News Letter Autumn 2011
 

Hello and welcome to the Autumn edition of my Newsletter :-)

It’s usually about this time of the year when I remind everyone about the importance of Active Recovery in helping you survive [and enjoy!] the last few months of race season.

There are two basic modes of Recovery, these being Passive and Active.

 Passive Recovery means allow your body to repair itself simply by letting it rest. The most obvious forms of Passive Recovery are sleep and being a couch-potato!

Passive Recovery can be quite a slow process depending on the amount of damage that you’ve inflicted on your various body-systems – muscular, metabolic, hormonal and neural/mental. Never under-estimate how long this can take and be aware that under-recovery is accumulative and will affect each system in various ways, but ultimately ending in complete breakdown.

 Active Recovery involves undertaking various activities to help the body to recover, in other words doing more than simply resting and sleeping.

Active Recovery is important because it’s one way to speed-up the recovery process. This is very relevant to anyone doing multi-sport because there is barely enough time to train for the various disciplines, let alone take time-off for Recovery, in fact this is the main reason why most Triathletes become injured.

The term “Over Training” is very misleading and nowadays Coaches more accurately use the phrase, “Under Recovered”.

What’s important about undertaking activity to promote Recovery is that it must be restricted to an intensity that will NOT induce a training effect, typically this means keeping your HR below 50-60% of HR(max). In short, if you break into a sweat, you are working too hard.

It also means reducing levels of physical impact & shock, avoiding excessive production of adrenaline / other stress hormones and trying to reduce mental stress.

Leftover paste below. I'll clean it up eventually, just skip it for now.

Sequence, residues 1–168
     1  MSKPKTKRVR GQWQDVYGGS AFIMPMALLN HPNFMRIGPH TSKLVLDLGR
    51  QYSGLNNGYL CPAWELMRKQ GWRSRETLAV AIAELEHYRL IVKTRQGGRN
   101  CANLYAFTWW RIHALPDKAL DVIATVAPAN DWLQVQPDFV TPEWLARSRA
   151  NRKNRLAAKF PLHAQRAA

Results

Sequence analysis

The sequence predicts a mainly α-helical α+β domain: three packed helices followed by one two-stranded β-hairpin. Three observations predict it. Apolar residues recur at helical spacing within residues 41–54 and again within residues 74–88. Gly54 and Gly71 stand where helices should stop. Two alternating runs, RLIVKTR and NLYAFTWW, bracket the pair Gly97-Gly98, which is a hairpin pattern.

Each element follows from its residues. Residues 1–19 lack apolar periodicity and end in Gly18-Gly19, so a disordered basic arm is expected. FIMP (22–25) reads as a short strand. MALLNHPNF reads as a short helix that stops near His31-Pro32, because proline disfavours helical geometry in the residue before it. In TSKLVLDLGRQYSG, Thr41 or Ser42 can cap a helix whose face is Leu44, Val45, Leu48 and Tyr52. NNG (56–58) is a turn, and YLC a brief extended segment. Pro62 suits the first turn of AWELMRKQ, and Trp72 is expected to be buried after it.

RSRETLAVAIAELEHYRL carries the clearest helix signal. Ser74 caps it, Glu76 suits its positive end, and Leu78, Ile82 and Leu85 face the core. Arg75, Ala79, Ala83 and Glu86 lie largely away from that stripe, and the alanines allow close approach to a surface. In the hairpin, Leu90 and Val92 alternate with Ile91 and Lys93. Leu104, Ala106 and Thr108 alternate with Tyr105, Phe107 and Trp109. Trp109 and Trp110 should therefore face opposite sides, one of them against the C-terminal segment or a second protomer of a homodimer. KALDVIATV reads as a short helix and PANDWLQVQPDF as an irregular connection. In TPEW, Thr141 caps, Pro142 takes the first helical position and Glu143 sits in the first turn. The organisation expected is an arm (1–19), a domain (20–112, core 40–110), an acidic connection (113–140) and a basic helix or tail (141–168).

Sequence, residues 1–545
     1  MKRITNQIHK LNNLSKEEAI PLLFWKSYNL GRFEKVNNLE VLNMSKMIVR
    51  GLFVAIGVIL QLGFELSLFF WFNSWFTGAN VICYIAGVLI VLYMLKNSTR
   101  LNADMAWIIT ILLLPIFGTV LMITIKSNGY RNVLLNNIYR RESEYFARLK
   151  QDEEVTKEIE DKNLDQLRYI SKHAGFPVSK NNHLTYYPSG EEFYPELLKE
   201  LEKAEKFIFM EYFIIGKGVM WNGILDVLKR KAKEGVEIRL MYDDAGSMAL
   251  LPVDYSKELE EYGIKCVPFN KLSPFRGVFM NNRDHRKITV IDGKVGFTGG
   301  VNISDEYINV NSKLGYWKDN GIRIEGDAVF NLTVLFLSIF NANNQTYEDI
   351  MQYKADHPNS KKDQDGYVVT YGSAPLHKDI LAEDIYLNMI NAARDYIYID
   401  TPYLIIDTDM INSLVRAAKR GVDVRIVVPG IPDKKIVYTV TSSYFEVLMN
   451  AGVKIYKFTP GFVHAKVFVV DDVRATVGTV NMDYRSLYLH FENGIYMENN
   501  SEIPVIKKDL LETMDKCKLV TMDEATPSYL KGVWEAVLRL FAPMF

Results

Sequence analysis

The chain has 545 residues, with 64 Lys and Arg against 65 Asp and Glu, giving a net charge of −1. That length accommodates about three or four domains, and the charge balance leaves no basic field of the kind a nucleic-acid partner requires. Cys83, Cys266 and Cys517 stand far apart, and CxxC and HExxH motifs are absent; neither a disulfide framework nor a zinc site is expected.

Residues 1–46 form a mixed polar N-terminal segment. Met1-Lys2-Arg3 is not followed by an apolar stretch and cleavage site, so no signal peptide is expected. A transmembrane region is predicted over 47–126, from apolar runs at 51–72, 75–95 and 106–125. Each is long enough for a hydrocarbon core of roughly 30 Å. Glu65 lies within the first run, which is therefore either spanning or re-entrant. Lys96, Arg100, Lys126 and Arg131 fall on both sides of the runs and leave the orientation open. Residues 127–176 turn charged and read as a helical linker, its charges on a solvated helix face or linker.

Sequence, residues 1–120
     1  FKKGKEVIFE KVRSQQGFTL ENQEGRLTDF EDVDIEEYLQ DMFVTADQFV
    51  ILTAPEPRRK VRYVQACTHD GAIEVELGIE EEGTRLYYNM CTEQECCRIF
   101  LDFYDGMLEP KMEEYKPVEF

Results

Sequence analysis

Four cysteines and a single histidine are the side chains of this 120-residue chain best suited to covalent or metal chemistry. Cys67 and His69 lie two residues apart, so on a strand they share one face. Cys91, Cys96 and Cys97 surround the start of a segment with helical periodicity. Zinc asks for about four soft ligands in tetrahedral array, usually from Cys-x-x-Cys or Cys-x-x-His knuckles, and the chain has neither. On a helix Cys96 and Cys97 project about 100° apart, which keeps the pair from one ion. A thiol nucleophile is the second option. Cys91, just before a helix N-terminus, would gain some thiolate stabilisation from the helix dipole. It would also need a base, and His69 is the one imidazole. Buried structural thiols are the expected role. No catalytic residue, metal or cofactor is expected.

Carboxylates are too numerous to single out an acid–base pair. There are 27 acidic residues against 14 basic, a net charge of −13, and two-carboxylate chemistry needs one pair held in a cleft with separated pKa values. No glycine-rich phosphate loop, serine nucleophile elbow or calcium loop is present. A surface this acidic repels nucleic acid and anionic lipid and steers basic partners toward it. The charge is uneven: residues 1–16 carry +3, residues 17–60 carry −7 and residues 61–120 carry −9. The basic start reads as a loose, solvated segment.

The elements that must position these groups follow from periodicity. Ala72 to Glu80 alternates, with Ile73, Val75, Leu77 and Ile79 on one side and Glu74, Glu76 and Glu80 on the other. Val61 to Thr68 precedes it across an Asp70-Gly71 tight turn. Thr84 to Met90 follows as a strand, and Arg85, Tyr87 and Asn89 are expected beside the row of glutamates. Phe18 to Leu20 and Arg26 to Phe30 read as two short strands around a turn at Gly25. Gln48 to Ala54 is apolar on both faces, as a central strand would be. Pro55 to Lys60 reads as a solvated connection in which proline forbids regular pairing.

Please note that jogging is not a good form of Active Recovery; this is because of the amount of shock & impact transmitted into the tibia & ankle, knee & hip joints. As an alternative, try using the [gym] Cross-Trainer, swimming, light spinning/turbo-trainer or Aqua-running.

Active Recovery also includes undertaking optimal nutrition…… drinking beer to celebrate your race result is not a good way to promote recovery!!!!

Low intensity activity can help promote recovery because it increases blood flow to & from the muscles, thereby delivering more nutrients, water & hormones etc, whilst flushing out the bi-products of hard-exercise.

Other forms of Active Recovery also include: 

  • Sports Massage 
  • Foam Roller, 
  • Stretching & Flexibility, 
  • Hot/Cold Therapies, 
  • Compression Clothing,
  • Relaxation/Meditation Techniques,
  • Realignment through Core-Stability Training,
  • Rehydration & Refuelling,
  • Refocusing through post-race debriefing/analysis.

You are probably thinking that there's nothing new about all this stuff, but the question is, which techniques are you currently adopting/employing?

The best route to maximising your recovery is to follow a Recovery Plan.

This is a timetable or tick-list of activities that should be followed post-race to ensure you are doing the right thing at the right time.

Simply write a list of activities with a timeline starting the moment you cross the finish-line. The first few items should include:

  • Keep walking for 5 minutes or until HR drops below 100bpm, whichever the latter.
  • Consume a good Recovery Drink within the first 12-15 minutes post finish.
  • Post-race massage/rub-down
  • Stretch.
  • Submerge legs in cold water (bucket/lake/sea)
  • Etc….

Why not put together a Recovery Plan for yourself and try it out after your next race or big training session.


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Happy racing!

Colin

Mob: 07545 – 115562
www.speedyduck.com